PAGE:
Just Because They're Related, Doesn't Mean They Get Along: Before the Annual Holiday Gathering Learn to Take Control of Emotions and Ease Family Tension

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Bob Burg's new book, Adversaries into Allies, offers solutions.

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It’s that time again. Heading over to the yearly gathering of family, in-laws, out-laws, second cousins twice removed, and the politically-incorrect Uncle Harry who cannot keep his opinions to himself, always seeming to begin the argument.

Skip it this year? Why not? Because they’re family and it's tradition.

Don’t lose control and let Harry and or the others dominate the conversation and steamroll with their viewpoints? But how?

Bob Burg, author of the new book, Adversaries Into Allies, asks, “What if you could control your own emotions, understand where their beliefs are coming from, acknowledge the ego part of them that is involved, set the proper frame, and communicate with tact and empathy?”

Adversaries Into Allies: Win People Over Without Manipulation or Coercion (Portfolio/Penguin) shares Burg’s tried-and-true framework and powerful strategies for building alliances and mastering the art of influence.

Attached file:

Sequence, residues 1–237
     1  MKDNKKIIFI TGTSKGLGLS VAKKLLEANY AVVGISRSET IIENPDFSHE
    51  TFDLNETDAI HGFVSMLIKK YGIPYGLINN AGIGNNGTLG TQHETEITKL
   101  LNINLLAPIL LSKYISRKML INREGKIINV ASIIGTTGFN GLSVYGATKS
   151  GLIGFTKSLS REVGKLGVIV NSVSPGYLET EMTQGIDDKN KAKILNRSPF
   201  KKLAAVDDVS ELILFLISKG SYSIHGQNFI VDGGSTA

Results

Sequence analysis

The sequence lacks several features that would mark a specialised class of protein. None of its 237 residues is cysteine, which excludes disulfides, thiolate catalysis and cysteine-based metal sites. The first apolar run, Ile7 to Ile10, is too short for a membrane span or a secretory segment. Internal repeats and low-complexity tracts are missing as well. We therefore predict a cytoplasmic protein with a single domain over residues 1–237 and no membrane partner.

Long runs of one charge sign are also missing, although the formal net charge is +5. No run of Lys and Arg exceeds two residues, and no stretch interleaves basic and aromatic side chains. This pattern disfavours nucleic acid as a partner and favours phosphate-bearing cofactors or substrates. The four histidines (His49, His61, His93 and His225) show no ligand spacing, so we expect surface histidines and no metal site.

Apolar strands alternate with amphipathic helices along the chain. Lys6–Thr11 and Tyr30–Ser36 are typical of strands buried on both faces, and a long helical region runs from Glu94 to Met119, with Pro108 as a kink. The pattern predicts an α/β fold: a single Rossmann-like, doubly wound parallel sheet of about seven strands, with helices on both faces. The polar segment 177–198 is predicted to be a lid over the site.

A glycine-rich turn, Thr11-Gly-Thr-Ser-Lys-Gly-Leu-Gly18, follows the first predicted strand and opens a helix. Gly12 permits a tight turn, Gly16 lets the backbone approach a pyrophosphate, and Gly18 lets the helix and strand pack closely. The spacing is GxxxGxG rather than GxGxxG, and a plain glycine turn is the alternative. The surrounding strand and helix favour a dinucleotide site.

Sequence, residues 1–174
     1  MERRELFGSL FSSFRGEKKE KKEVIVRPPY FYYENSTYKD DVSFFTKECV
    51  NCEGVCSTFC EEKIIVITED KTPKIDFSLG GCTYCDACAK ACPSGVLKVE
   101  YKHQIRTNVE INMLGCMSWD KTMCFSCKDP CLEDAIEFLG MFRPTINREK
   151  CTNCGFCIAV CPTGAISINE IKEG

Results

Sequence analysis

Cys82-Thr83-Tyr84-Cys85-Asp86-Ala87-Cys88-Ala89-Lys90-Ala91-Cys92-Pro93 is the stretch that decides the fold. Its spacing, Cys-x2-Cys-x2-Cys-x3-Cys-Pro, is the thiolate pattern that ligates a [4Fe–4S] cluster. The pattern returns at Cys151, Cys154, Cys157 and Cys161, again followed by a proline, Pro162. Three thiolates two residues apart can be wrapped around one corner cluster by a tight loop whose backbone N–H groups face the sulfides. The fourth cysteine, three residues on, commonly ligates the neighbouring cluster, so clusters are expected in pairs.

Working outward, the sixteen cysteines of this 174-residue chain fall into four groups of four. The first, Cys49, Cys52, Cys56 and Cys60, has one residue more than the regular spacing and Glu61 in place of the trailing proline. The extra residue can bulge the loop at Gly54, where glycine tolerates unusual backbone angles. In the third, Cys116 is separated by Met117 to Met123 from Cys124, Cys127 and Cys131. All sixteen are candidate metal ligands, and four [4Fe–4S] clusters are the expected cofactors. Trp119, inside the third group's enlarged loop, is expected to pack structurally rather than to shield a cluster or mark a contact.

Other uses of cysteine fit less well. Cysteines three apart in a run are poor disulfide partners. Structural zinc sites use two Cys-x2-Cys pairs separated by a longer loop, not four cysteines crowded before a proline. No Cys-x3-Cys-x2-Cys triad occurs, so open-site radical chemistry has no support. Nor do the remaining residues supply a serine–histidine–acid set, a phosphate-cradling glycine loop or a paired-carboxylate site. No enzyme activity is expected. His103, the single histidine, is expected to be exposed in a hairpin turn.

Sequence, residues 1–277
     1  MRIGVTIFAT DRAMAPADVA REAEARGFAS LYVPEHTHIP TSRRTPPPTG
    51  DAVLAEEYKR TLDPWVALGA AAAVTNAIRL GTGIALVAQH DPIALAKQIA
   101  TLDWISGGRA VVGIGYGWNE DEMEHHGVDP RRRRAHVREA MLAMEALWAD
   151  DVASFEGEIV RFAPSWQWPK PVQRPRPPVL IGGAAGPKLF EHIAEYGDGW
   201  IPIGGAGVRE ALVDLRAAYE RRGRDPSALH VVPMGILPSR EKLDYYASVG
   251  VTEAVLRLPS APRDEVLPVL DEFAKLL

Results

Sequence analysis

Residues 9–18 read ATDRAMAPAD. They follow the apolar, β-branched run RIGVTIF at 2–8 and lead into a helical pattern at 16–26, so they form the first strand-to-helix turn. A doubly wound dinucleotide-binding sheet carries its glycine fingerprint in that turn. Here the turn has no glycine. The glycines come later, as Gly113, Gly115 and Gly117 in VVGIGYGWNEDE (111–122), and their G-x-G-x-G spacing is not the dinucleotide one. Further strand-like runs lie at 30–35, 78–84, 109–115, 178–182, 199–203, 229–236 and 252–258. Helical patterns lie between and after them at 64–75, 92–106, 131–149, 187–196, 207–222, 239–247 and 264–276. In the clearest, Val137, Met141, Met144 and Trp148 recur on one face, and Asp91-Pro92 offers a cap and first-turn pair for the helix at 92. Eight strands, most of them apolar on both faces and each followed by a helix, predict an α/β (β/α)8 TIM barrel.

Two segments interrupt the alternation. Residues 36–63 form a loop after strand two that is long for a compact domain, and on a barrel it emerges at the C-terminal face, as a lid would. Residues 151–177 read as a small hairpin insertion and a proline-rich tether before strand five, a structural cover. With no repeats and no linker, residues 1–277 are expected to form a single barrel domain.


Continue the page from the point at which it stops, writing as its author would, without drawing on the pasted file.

Control emotions. "Responding calmly rather than allowing your emotions to get the better of you will ensure not putting others on the defensive but rather help them remain open to your ideas," urges Burg.

Understand the clash of belief systems. Burg adds, "Every individual operates based on an unconscious set of beliefs, experiences, and ideas, which are most likely very different from yours. Understand this and you can avoid confusion and numerous misunderstandings that stand in the way of most people’s ability to influence."

Always acknowledge their ego. People want to feel good about themselves. "If you make someone genuinely feel good, you’re one step closer to making an ally," writes Burg.

Set the proper frame. People react and respond to other people. Approach potential conflicts from a position of benevolence, resolution, and helpfulness and they will follow suit. Vital: being able to reset another’s already existing negative frame.

Communicate with tact and empathy. "While the first four principles are vital, this is what brings it all home. Saying the right thing at the right time makes all the difference in terms of moving people to your side of the issue and taking the appropriate action that benefits all concerned," concludes Burg.

Practice it. Try it. Maybe by the big July 4th picnic Uncle Harry will be an ally.

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Tess Woods
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